Reasonable to differentiate school fees

I disagree with Ms Wong Ting Yean's views ("Reasons to reconsider school fee hike"; yesterday).

First, education in Singapore is highly subsidised by the Singapore Government, which, in turn, draws its revenue from resident taxpayers here. So why should taxpayers here subsidise the cost of education for Ms Wong's sons who are not Singapore citizens?

Second, all Singaporean boys are required to do national service, something that Ms Wong's boys would not have to do if they choose not to take up Singapore citizenship when they reach enlistment age.

It is a well-known fact in the US that Singapore schools do well in providing high-quality education.

Moreover, the revised Ministry of Education school fees are still very reasonable and affordable if we were to compare them with

the fees that international schools in Singapore are charging their primary and secondary-level students ("Fee hike for international students and PRs attending local schools"; Oct 1).

The Singapore Government also gives out hundreds of education scholarships and grants to foreign students to study in Singapore.

However, these grants come with a catch: The foreign students will have to work in Singapore for a few years after they finish their studies, to contribute back to Singapore's economy.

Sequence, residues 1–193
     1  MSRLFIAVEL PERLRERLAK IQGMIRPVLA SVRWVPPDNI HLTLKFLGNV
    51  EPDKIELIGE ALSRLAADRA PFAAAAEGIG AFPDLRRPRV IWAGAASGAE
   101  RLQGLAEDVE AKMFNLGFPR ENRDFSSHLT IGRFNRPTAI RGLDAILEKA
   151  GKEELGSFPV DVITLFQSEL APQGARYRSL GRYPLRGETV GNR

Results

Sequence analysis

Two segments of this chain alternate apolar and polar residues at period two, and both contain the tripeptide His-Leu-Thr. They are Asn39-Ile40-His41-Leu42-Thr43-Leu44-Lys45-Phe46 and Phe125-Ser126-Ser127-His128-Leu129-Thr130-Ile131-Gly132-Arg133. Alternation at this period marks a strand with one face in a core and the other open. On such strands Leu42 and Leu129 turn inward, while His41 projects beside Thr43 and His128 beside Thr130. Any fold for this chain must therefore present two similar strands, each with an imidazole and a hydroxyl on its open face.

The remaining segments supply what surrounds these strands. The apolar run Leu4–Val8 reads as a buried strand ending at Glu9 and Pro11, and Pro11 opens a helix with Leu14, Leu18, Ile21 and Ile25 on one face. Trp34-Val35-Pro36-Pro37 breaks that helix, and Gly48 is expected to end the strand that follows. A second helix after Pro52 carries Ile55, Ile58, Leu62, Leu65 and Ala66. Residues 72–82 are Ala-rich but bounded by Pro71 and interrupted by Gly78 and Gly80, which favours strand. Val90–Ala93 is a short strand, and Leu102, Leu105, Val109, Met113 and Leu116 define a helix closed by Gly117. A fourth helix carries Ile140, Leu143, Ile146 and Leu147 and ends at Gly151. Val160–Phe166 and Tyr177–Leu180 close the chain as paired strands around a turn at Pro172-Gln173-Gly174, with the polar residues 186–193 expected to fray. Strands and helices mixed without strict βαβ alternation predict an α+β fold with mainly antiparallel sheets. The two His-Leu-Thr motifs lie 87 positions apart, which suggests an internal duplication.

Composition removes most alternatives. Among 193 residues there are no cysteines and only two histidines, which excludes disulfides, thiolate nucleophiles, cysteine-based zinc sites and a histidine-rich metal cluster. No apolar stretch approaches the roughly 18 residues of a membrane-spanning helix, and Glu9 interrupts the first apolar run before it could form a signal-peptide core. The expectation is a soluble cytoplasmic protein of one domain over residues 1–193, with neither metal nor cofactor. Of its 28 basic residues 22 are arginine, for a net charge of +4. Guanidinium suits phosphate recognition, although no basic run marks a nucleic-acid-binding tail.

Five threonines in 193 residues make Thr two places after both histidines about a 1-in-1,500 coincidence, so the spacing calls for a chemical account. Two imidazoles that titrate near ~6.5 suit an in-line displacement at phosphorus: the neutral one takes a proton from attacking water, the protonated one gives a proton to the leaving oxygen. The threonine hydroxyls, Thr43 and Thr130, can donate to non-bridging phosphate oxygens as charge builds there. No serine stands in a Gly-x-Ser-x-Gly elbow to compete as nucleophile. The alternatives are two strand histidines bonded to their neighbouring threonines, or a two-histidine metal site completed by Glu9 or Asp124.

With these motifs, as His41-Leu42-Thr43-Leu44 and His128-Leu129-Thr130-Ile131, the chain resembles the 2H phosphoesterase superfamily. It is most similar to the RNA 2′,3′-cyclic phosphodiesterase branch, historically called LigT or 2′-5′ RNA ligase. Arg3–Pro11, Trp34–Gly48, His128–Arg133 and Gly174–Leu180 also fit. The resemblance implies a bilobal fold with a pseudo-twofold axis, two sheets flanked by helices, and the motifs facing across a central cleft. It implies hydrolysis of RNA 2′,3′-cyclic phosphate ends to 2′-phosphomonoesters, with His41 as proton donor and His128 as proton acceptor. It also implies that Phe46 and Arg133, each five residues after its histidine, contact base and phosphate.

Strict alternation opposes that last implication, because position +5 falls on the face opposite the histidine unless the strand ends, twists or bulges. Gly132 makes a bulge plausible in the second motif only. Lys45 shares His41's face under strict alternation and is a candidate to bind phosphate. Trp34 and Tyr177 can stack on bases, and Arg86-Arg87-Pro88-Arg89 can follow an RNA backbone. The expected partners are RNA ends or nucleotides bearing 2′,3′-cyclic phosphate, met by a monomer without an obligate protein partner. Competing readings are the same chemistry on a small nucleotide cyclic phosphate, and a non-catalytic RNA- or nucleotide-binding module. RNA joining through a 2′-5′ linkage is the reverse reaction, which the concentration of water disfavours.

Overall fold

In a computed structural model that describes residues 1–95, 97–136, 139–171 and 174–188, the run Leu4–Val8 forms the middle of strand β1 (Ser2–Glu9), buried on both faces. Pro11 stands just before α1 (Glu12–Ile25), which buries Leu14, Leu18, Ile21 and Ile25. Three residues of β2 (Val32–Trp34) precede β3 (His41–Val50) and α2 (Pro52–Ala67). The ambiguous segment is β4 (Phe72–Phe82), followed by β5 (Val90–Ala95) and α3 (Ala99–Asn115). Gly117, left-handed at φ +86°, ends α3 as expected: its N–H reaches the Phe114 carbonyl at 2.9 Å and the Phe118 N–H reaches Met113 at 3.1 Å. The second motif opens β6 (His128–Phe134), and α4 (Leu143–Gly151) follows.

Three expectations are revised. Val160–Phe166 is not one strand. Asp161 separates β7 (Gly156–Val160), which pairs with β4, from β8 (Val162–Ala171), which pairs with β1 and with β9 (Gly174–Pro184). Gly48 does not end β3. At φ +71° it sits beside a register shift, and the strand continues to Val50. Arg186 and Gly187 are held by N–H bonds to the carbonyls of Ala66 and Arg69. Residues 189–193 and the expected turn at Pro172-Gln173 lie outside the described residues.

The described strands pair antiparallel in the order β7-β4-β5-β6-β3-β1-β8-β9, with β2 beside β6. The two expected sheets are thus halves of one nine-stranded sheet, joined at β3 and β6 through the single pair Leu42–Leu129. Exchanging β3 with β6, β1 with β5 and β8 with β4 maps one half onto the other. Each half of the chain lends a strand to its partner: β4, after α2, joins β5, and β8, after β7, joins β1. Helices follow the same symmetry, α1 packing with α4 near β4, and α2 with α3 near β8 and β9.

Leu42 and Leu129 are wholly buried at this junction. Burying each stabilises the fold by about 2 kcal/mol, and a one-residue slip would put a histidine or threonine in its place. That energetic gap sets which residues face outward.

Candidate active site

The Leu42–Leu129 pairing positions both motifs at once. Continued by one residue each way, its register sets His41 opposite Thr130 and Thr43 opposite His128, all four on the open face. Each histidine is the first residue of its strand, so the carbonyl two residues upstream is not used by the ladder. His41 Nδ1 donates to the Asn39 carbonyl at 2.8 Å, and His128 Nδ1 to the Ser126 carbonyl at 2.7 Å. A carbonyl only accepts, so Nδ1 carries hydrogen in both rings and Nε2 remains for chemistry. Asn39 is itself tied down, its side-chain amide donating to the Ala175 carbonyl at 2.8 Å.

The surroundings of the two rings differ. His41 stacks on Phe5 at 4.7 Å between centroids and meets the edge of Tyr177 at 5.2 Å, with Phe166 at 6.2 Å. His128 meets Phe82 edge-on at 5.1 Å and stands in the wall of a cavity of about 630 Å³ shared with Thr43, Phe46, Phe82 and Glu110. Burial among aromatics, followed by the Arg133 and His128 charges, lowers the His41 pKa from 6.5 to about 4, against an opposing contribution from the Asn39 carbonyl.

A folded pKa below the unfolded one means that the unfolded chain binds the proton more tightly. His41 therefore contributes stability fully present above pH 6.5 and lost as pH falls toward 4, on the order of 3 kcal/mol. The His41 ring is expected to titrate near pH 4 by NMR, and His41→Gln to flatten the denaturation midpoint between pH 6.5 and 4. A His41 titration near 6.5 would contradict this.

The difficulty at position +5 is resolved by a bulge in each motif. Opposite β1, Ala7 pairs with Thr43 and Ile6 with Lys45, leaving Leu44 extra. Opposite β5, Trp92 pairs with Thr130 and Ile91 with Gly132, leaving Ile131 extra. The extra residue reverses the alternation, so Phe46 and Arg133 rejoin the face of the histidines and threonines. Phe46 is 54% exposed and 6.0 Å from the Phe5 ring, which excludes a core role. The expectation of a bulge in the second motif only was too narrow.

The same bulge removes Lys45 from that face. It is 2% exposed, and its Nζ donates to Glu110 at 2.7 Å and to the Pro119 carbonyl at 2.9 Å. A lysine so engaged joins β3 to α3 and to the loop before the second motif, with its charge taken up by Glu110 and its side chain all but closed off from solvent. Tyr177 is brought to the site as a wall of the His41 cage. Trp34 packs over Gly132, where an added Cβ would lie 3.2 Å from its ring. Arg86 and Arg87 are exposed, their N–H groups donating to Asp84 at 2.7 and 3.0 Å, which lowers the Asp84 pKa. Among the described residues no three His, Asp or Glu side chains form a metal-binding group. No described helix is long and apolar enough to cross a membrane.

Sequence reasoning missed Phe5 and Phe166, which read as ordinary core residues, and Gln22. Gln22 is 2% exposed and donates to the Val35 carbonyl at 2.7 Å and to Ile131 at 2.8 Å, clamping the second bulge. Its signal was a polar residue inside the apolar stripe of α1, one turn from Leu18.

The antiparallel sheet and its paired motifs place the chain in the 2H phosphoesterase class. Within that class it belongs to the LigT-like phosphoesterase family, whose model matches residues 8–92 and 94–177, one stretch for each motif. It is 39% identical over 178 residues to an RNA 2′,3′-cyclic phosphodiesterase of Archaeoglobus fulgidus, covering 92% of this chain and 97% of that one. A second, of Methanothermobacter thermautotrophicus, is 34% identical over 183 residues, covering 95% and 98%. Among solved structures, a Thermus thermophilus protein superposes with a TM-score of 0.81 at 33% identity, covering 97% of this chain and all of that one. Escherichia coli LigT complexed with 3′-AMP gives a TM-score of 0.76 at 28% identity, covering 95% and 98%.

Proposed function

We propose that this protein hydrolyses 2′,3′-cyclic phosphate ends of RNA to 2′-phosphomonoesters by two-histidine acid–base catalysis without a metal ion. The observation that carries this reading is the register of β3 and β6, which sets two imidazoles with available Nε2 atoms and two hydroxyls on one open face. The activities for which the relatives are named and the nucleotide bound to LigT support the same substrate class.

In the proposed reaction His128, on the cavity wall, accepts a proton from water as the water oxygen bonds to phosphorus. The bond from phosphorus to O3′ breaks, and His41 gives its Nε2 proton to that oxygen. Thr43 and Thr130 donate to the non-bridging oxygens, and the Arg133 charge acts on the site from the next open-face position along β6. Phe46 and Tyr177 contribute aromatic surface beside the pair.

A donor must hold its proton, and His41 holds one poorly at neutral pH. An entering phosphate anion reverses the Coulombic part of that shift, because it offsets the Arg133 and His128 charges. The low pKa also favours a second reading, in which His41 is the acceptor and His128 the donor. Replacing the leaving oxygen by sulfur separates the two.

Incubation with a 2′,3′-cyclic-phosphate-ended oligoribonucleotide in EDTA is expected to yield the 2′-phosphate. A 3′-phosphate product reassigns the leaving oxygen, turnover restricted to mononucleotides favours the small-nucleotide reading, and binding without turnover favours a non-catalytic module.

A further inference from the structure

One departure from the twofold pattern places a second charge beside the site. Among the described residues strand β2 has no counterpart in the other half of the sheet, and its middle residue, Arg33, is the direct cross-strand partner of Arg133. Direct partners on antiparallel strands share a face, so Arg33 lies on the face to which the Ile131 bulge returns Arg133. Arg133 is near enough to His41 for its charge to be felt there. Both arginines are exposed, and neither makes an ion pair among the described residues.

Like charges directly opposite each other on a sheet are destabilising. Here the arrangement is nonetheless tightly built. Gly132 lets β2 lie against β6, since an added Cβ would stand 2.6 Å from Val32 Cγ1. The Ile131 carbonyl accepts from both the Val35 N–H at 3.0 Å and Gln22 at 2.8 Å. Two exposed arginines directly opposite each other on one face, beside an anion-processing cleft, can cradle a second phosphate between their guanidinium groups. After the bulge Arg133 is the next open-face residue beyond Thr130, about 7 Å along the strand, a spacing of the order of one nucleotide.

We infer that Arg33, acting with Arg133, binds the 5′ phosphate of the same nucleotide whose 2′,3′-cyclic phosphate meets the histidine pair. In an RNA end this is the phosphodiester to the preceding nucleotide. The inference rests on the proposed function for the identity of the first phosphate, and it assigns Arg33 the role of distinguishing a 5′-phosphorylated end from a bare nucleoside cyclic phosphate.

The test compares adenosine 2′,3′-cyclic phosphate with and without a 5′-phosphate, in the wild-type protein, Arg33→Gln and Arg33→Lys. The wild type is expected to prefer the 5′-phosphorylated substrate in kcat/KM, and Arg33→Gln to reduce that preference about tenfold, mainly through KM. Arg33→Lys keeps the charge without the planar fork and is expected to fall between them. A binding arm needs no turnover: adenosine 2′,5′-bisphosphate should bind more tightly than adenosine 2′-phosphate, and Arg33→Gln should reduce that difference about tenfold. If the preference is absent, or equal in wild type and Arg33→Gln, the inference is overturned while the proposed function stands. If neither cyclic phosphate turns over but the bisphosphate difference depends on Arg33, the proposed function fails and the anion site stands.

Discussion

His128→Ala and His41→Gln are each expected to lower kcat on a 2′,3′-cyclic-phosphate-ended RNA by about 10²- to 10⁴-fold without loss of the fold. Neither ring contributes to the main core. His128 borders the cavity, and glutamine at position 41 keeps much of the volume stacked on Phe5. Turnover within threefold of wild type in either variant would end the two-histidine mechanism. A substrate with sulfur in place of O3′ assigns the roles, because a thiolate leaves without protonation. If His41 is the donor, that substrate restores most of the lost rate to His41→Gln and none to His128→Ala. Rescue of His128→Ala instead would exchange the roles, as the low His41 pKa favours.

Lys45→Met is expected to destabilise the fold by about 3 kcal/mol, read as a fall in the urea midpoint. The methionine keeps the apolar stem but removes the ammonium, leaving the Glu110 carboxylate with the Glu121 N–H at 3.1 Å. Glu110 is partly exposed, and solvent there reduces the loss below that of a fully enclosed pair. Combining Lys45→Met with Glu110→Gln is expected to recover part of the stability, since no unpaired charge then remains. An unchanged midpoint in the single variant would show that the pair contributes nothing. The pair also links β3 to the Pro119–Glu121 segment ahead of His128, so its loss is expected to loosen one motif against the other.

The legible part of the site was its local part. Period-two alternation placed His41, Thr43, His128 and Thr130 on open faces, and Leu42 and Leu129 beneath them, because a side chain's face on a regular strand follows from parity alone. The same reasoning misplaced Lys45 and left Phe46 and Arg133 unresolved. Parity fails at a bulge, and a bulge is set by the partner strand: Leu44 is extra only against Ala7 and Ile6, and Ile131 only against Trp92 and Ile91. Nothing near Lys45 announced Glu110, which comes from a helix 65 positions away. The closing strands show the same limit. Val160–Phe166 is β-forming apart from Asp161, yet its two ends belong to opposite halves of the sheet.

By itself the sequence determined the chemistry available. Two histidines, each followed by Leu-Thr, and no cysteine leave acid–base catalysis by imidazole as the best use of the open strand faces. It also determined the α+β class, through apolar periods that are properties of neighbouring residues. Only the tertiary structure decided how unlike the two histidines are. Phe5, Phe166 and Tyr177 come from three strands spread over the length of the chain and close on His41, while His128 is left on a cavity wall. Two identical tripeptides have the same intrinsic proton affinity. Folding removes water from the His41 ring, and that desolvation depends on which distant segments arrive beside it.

Returning Singaporeans with foreign-born spouses are no different from local Singaporeans who marry foreign spouses.

They, too, will have to pay the same school fees that Ms Wong is paying for her sons if they choose not to take up Singapore citizenship for their children.

So, if Ms Wong would like to enjoy the benefits that come with citizenship, she will have to make a choice for her sons. She can't have her cake and eat it at the same time.

Daniel Oon Ban Hock

A version of this article appeared in the print edition of The Straits Times on October 16, 2015, with the headline 'Reasonable to differentiate school fees'. Print Edition | Subscribe